Erasing the Stigma of Drug Addiction

PR Newswire PR Newswire • October 23, 2019

Despite the fact that opioid abuse often arises from legitimate medical treatment, people fighting opioid addiction often have to deal with the powerful social stigma associated with drug abuse. Over 11 million people misused prescription opioids in 2016, and this number continues to grow. What can we do as a society to eradicate this stigma?

The Persistent Stigma of Opioid Addiction

Opioid use disorder (OUD) can create deep shame, and it’s not uncommon for patients to feel unloved and think they’ve failed their family and friends.

Women, who are proven to be more susceptible to OUD, can experience intense feelings of guilt. Even new mothers who aren’t aware of the risks of Neonatal Abstinence Syndrome may innately feel guilty about taking opioid medications during pregnancy. In addition, some moms may hesitate to seek help for OUD because they believe the stigma of being addicted to drugs makes them a poor mother. They also may be afraid of what their family or friends will think or say.

In some cases, family members can inadvertently contribute to this stigma. Loved ones may think that making the person feel guilty is a good way to motivate them to change; however, it usually has the opposite effect. The stigma of drug abuse can cause patients to shy away from treatment and hide their addiction.

Why Patients and Family Members Often Feel Shame

It’s important to understand that the stigma of opioid addiction is based on misconceptions. Beating the stigma first means chopping away at these underlying falsehoods that support it:

1. The Patient Is Responsible for the Addiction

The truth is that opioid addiction is a medical disease, just like diabetes or cancer. Families don’t make diabetics feel guilty because their body doesn’t produce enough insulin, so why does society blame OUD patients if their brain becomes addicted to a prescription medication? Doctors are aware that opioid painkillers such as oxycodone are highly addictive; this addiction can happen to anyone, including new mothers, who may receive oxycodone after delivering a baby via Cesarean.

2. Opioid Dependence Is the Same as Opioid Addiction

Some patients may feel ashamed if they have withdrawal symptoms when they stop taking pain medication. However, withdrawal symptoms are common when people take opioids for an extended period of time. The brain adapts to dopamine produced by these drugs, and it starts to rely on the medication to function normally. Withdrawal can cause irritability, cravings, depression and other symptoms.

There’s a big difference between physical dependence and drug addiction. Addiction occurs when the person is unable to stop taking the medicine, even when he or she wants to. Taking prescribed painkillers after surgery is not the same as addiction; neither is having cravings during withdrawal.

3. Patients Just Need More Willpower To Beat OUD

Opioid addiction happens because of physical changes in the brain, not because of moral weakness. OUD can affect people of any personality type and age. To beat substance misuse, patients need medical treatment.

Important Ways To Overcome the OUD Stigma

If we’re going to beat the OUD stigma together, we need to make some important changes as a society. These changes have to take place both on a personal level and at the governmental level:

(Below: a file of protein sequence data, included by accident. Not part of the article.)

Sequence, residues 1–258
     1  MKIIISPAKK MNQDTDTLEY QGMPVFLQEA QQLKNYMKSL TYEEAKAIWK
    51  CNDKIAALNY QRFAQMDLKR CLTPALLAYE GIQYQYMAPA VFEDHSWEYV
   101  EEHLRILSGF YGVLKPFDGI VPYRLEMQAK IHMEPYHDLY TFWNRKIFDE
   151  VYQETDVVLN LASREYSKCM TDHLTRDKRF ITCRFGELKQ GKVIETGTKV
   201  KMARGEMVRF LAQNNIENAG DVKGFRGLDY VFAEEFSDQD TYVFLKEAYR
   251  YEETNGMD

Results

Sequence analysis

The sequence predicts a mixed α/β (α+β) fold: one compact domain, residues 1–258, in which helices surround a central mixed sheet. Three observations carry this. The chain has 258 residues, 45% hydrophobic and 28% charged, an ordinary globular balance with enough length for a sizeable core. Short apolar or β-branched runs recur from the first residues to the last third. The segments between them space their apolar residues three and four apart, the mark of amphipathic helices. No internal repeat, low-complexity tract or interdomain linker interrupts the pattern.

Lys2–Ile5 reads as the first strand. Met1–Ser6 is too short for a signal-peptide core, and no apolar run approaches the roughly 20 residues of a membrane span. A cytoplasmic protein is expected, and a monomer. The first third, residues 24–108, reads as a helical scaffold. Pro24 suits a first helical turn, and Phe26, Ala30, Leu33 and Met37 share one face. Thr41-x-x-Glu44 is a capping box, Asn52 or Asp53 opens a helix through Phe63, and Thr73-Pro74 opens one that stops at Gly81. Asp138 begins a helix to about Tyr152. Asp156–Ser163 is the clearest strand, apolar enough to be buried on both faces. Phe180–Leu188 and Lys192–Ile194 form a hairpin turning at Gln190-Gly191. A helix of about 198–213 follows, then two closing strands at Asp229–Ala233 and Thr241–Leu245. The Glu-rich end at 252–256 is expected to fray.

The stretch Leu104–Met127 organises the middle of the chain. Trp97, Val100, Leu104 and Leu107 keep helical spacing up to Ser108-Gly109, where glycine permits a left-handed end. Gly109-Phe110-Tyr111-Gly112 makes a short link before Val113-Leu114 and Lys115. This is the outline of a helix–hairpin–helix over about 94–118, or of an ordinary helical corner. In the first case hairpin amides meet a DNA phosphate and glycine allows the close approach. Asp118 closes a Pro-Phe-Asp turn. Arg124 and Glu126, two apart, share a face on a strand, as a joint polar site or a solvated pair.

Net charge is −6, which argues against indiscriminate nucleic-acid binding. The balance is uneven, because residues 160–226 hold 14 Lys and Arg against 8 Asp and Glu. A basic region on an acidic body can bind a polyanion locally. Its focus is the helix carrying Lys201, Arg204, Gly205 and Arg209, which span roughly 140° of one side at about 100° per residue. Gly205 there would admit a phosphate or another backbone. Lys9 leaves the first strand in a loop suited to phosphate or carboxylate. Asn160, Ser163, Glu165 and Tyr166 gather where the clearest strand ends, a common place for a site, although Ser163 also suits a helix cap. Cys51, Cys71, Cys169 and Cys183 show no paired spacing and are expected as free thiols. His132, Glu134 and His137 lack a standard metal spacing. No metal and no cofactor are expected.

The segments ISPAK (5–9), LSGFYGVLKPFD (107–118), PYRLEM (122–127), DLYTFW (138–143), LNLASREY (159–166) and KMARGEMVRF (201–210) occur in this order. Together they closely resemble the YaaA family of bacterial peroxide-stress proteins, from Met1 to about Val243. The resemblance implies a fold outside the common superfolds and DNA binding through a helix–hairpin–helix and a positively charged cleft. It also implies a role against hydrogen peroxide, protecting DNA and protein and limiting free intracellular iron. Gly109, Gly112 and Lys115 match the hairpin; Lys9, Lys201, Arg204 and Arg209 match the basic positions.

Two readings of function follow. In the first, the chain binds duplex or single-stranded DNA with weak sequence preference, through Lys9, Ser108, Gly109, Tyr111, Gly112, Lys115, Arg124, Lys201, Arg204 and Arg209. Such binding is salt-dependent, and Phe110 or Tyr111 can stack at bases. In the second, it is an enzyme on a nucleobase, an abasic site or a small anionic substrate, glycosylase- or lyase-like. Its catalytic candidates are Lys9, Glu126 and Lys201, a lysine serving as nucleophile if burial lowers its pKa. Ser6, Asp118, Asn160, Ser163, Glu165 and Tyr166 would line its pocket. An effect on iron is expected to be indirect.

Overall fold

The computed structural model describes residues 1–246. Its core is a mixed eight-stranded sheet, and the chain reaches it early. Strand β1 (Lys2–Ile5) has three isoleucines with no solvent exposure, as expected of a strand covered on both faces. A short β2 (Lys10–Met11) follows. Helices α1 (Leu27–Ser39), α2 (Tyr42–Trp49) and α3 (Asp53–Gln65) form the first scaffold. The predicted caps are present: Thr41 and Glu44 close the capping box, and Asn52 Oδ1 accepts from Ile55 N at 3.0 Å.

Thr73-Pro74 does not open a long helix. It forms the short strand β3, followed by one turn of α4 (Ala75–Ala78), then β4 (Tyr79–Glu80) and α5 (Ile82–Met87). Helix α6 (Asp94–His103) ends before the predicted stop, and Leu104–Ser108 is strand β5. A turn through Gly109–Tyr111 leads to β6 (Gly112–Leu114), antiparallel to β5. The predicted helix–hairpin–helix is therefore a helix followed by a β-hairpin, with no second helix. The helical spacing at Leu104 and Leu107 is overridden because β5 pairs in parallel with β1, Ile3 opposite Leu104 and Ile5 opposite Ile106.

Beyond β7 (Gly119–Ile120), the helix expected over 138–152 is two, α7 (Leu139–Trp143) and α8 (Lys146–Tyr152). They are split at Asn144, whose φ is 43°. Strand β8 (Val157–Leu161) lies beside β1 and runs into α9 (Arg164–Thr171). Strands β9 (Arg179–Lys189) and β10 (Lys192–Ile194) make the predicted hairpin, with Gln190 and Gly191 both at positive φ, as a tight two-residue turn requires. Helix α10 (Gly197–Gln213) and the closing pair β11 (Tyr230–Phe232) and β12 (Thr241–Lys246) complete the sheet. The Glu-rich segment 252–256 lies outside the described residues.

• Recognize OUD as a medical illness: All of us need to understand that OUD is a disease, not a moral failing. Similar to depression, arthritis or diabetes, OUD has real, physical causes. Opioid addiction doesn’t make people weak or immoral. It just means they need help.
  • Increase OUD awareness: Getting prompt treatment for opioid dependence and withdrawal can prevent addiction. Treating addiction to oxycodone, hydrocodone, fentanyl and codeine can keep patients from turning to heroin. Finding information about OUD should be easy for everyone, from pregnant moms to cancer patients.
  • Protect innocent moms and children: Doctors and drug companies have often contributed to the opioid epidemic by overprescribing without informing patients of the risks. Government agencies and state authorities should step in with legislation to hold these companies accountable.
  • Make OUD treatment more accessible: Some OUD patients don’t get treatment because they can’t afford it. In other cases, making an appointment takes too long. Public and private agencies need to work together to fund OUD treatments for all.
  • Treat OUD patients with respect: Doctors need to foster openness and trust by using appropriate language around people suffering from opioid addiction. People who have OUD deserve the same respect as someone recovering from surgery or any other medical ailment.

How Friends and Family Members Can Help With OUD

If a loved one is fighting an opioid addiction, your help can be a turning point. Eliminating the fear, shame and guilt associated with OUD is a powerful step in motivating patients to continue or seek treatment.

First, do your best to increase the self-esteem of OUD patients. They need to know that you see them as valuable, loved and important. Next, urge them to seek medical attention. Medications such as methadone and naltrexone can have a positive effect on recovery, and treatment centers can help with the side effects of withdrawal. Above all, it’s critical to not let patients lose hope. If a relapse happens, don’t focus on the fall; focus on the positive progress of the patient.

A key part of conquering OUD is beating the stigma associated with drug addiction. Society and government need to do their part by funding alternate pain treatments, providing opioid abuse assistance and portraying people with OUD as brave, not weak or immoral. In the meantime, friends and family members can have a huge impact by giving those with OUD unfailing support.


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